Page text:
Several wood duck nest box plans, including the type of timber, size of the panels and size of the entry hole required are posted on sites like Ducks Unlimited, WikiHow and the Wood Duck Society. Cedar wood is the recommended construction material. The dimensions are variable, but boxes are usually about 9.25 inches wide by 31 inches high by 14 inches deep. The entrance hole is cut to about three inches high by four inches wide.
Pre-made wood duck nest boxes are also available online or through various waterfowl hunting and conservation groups. Nest boxes should be placed on posts or tree trunks on or near water. Place the box about five to six feet above the ground. A predator guard on the pole or tree is highly recommended. Though the dimensions of the hole may appear too small for a duck, they can squeeze through with little problem. Be sure not to make the hole too big as it can invite predators to steal eggs or ducklings.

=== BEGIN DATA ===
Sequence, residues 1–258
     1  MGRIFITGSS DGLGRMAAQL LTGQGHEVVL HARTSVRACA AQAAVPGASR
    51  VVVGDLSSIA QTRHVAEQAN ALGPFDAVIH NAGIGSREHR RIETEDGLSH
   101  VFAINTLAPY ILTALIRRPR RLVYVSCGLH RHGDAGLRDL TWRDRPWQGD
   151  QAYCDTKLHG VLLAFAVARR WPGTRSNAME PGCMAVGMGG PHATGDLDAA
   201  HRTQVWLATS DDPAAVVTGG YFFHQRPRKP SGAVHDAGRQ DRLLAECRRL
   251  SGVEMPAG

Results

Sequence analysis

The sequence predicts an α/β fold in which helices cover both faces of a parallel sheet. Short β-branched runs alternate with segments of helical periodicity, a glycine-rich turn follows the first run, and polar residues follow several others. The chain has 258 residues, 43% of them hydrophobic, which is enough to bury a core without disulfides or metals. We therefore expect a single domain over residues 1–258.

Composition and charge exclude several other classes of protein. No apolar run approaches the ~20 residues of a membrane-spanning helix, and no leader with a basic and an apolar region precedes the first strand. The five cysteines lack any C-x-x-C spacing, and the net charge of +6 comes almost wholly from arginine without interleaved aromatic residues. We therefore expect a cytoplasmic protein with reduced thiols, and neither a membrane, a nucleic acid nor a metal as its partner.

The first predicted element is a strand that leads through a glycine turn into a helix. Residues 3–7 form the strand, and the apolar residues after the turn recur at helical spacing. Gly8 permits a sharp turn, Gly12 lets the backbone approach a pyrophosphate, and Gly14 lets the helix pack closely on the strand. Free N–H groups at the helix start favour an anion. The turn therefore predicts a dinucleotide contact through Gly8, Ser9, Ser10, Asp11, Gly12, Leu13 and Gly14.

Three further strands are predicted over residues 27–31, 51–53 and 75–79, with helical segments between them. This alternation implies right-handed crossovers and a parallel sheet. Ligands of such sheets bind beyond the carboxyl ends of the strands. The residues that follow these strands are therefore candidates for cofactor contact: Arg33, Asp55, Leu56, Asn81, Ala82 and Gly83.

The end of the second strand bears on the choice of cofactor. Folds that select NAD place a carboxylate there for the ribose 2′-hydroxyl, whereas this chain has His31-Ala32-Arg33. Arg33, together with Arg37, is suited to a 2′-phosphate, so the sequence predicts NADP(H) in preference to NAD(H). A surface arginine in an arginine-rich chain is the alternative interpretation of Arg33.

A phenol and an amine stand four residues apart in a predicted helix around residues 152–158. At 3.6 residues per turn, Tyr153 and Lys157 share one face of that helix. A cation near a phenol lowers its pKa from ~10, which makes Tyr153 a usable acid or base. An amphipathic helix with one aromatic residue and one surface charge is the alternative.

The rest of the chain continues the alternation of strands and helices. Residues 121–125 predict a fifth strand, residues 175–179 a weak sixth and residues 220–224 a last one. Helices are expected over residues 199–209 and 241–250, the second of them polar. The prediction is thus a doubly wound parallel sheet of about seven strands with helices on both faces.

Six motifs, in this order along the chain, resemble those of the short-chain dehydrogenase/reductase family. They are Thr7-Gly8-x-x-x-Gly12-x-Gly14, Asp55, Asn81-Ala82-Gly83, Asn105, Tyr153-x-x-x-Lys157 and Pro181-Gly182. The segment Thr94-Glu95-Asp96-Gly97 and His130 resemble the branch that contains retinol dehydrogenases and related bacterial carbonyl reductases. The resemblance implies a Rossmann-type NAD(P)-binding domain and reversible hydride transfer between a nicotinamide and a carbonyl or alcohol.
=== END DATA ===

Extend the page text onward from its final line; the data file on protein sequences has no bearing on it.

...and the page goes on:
Wood duck females lay about a dozen eggs that hatch in 28 to 32 days. Ducklings stay in the nest for the first day or two after hatching. Afterwards, the mother duck will leave the box and begin to call for them. The ducklings will jump out of the box and follow their mother's voice until they find her and a water source.